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The doorbell rang. No, not again. This modern gadget can be a bit of a nuisance, sometimes.
I was in the bathroom. Must be some useless caller. I ignored it. It buzzed again. The visitor was persistent.
“Who is it?” I shouted from the bathroom.
“Courier,” came the answer.
“From where?” I queried.
“From the bank…cheque book,” I thought I heard.
Ok, I remembered, I had applied for a new cheque book at my bank. Now this was important. “Alright, wait a few minutes… I am coming,” I shouted back.
I quickly finished my bath, hurriedly got into my clothes and answered the door. It was from a bank alright, but a credit statement related to a card I was not using anymore. Still I got couriered statements of regularly.
This made me furious. “Where is the cheque book?” I almost shrieked.
“What cheque book?”
“You said cheque book.”
“I said bank…your credit card statement.”
“I don’t want this statement. I don’t use this card anymore. Anyway, why didn’t you just shove the letter under the door? It was not that important a document…only a credit card statement, for God’s sake, not a cheque book,” I banged the door on him.
This sort of thing happens all the time. One would be really, really busy and running late, the doorbell would go ding-dong and it would be a salesman selling door to door something one would never use all one’s life or a service provider offering free services for a gadget one doesn’t even own.
Then, there would be these glorified beggars with a receipt booklet of some obscure organisation asking for charity, just taking a chance. Or some sadhus going on a pilgrimage. All able-bodied people, begging on some pretext or the other.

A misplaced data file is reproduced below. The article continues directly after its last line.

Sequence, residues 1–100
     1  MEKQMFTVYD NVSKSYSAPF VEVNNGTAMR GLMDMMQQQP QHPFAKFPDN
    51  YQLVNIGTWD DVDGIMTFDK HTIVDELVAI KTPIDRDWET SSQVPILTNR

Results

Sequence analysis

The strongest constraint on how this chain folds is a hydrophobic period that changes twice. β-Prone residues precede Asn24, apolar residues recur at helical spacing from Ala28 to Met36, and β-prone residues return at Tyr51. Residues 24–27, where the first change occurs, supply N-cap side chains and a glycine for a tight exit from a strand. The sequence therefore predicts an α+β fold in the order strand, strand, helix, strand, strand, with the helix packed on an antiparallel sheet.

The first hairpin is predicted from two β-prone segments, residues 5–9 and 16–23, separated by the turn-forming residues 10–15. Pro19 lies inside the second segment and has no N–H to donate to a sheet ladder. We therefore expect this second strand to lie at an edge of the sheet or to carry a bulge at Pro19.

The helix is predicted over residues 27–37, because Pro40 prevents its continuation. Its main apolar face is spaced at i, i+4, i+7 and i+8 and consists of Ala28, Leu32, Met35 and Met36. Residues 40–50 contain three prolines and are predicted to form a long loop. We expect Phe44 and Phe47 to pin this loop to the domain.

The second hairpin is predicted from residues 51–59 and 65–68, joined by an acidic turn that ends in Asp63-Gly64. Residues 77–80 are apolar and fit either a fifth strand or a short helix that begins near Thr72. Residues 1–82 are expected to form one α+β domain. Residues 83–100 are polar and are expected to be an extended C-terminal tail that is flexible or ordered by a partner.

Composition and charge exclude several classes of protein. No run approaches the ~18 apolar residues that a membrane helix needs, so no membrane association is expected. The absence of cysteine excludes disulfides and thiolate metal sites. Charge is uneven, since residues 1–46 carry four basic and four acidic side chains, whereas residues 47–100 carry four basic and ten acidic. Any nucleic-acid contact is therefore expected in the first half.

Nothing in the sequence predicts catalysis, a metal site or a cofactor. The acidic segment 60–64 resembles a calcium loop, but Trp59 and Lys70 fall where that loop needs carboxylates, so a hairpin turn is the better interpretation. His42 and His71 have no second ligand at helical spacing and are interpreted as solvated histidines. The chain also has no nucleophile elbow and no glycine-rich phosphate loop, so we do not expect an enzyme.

The doorbell buzzed again. Murmuring, I approached the door. There he was, a young man in his early twenties. He smiled. “Didi, I have come from the school for the handicapped,” he said very slowly in a highly slurred speech.
Oh no, not again, someone’s come begging for charity. Sorry, I was about to say.
“Didi, I have come to sell some products we make at our school, would you like to buy some?”
“What do you have?” I asked almost disinterestedly.
“Oh, things like perfumed candles, incense sticks, greeting cards,” he said as he eagerly shoved some of the cards into my face. They were very beautiful, the cards with flowers, landscapes and smiling human faces adorning them.
I bought some gladly. The cards had a heart-warming message at the back — self-help, not charity is our motto.
“Thank you, didi,” he went away but not without leaving a smile on my face.
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In life, skyline keeps on changing. The chaotic tumble of progress, the simultaneity of events and an unemotional network of computers, censors and signals have accelerated the pace of change. Life has become an open port perpetually on the boil with no steam vents.
Every age has an aura, an atmosphere, a vibration that is characteristic and unmistakable. Presently anxiety is the murmur of times, and discontent is the medium of the age. Smooth as a snake, change can be seen from real life to reel life.
Corruption has gained acceptability. Acceptability is the first step to respectability. Money has become an effective lubricant of the political and administrative machinery. Recently an old farmer-friend came to see me. He told me that he had come for some work. He was all praise for the bureaucrat who had accepted bribe in his office. He told me that the bureaucrat was a man of principles, frankness and straight-forward conduct. He had told him that instead of Diwali gifts, he should pay him cash. “Khandani aadmi hai” (He comes of a good stock).